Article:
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## Official Guide Explanation:

Problem Solving #57

**Background**

This is just one of hundreds of free explanations I've created to the quantitative questions in The Official Guide for GMAT Review (12th ed.). Click the links on the question number, difficulty level, and categories to find explanations for other problems.

These are the same explanations that are featured in my "Guides to the Official Guide" PDF booklets. However, because of the limitations of HTML and cross-browser compatibility, some mathematical concepts, such as fractions and roots, do not display as clearly online.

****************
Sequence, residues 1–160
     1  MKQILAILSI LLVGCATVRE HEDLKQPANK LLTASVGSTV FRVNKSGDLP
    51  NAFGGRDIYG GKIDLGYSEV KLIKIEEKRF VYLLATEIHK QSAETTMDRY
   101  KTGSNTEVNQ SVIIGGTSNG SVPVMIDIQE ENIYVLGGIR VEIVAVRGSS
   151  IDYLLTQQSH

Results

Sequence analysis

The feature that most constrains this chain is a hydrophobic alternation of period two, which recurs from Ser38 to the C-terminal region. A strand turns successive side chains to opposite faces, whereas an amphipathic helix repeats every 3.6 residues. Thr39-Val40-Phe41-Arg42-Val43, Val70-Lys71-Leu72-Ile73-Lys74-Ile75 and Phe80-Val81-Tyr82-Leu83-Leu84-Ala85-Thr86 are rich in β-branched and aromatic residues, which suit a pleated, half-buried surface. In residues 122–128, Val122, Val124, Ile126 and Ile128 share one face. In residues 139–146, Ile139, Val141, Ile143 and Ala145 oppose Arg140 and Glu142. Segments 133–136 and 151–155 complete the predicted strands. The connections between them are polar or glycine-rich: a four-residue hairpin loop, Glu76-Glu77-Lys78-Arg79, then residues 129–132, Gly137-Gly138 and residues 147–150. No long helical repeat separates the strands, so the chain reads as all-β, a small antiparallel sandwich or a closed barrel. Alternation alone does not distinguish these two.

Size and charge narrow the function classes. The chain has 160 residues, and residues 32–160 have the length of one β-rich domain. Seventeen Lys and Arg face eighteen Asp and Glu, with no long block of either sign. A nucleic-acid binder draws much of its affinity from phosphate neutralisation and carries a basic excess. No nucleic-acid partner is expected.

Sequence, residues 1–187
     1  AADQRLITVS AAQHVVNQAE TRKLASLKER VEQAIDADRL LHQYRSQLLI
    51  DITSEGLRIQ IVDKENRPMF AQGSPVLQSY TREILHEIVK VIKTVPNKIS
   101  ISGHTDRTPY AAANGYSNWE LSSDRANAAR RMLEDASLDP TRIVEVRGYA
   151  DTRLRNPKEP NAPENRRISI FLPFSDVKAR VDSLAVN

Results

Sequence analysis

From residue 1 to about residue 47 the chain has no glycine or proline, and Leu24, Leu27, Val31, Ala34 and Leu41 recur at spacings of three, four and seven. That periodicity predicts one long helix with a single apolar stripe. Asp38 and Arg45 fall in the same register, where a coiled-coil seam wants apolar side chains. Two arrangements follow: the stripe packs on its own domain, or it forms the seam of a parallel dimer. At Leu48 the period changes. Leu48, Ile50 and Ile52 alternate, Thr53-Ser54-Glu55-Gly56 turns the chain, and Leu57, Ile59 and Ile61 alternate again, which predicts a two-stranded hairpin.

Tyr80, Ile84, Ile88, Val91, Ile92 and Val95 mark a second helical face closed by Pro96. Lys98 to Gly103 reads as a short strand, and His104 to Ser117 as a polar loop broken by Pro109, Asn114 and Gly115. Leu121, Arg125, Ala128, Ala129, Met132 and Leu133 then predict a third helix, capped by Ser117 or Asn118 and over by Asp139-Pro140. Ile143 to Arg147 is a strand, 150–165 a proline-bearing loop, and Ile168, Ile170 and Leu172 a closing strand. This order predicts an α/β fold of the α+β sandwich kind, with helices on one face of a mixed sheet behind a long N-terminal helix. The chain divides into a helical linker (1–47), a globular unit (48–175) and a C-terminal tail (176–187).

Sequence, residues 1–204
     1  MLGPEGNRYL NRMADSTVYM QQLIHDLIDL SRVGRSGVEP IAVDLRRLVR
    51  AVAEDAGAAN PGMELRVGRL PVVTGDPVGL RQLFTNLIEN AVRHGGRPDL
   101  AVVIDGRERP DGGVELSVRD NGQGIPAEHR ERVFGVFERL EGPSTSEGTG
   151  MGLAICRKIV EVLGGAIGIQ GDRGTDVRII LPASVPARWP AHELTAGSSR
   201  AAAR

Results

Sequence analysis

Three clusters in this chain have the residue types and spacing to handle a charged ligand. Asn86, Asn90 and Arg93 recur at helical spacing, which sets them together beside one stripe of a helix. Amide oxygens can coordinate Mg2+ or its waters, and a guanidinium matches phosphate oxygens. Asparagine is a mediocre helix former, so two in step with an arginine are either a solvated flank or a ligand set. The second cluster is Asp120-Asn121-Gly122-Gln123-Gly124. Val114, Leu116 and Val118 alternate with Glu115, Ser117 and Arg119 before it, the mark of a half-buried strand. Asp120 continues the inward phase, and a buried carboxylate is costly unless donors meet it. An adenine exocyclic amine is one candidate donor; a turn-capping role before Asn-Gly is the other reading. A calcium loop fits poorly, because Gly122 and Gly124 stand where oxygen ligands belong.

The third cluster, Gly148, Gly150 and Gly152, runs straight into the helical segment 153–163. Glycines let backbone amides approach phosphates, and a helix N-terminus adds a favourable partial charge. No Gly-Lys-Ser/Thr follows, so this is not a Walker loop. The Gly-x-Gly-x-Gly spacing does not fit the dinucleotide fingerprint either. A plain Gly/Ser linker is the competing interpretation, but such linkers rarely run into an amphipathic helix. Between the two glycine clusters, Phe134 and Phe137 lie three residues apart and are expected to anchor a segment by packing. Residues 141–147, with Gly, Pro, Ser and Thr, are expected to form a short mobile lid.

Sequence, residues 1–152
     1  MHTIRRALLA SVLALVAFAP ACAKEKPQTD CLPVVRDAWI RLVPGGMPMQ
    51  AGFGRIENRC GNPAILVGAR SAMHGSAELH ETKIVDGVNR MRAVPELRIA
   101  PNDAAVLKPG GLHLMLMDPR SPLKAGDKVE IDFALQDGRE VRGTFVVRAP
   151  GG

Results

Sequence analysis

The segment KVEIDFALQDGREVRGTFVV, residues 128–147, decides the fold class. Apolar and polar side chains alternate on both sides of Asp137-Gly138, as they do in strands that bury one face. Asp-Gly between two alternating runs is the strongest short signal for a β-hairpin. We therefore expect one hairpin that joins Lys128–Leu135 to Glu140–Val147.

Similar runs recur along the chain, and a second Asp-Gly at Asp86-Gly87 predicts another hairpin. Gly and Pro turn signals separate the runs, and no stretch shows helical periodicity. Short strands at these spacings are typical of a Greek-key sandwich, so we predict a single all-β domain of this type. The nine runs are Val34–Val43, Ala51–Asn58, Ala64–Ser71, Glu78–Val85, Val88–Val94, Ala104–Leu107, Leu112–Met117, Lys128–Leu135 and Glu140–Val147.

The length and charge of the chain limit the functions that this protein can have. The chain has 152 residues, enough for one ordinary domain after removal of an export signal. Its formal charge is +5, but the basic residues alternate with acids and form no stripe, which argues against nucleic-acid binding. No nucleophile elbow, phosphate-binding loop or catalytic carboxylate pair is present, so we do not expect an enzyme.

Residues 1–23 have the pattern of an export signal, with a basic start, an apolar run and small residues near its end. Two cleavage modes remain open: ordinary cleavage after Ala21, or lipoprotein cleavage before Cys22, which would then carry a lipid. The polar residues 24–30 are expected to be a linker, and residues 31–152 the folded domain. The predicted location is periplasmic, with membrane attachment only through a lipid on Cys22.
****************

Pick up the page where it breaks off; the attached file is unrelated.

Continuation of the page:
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**Solution and Metadata**

**Question****: 57**

Page: 160

Difficulty: **5** (Moderate)

Category 1: Arithmetic > Descriptive Statistics > Average

Category 2: Algebra > Linear Equations-One Unk >

**Explanation:** There are two ways to find the mean of 10, 30, and 50. The traditional way is to add them up and divide by three: ((10 + 30 + 50)/3) = (90/3) = 30. It works, it's reasonably fast, and it's easy. There's another way to instantly see that the average is 30. Any time a set of numbers is equally spaced (consecutive integers, consecutive evens, or numbers all spaced by 20s, like these), the average is equal to the median. The median is simply the middle number, so it's easy enough to spot.

The second step doesn't have a shortcut, unfortunately. If 30 is 5 more than the average of three other numbers, including 20 and 40, the equation can be given as follows: ((20 + 40 + x)/3) = 25

60 + x = 75

x = 15, choice (A).

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